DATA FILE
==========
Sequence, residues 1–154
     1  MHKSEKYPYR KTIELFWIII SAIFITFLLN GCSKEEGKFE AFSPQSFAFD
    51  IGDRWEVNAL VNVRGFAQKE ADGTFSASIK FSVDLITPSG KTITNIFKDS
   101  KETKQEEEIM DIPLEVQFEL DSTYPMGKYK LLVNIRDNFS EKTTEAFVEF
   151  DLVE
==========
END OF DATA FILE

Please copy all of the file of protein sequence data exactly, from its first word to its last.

Sequence, residues 1–154
     1  MHKSEKYPYR KTIELFWIII SAIFITFLLN GCSKEEGKFE AFSPQSFAFD
    51  IGDRWEVNAL VNVRGFAQKE ADGTFSASIK FSVDLITPSG KTITNIFKDS
   101  KETKQEEEIM DIPLEVQFEL DSTYPMGKYK LLVNIRDNFS EKTTEAFVEF
   151  DLVE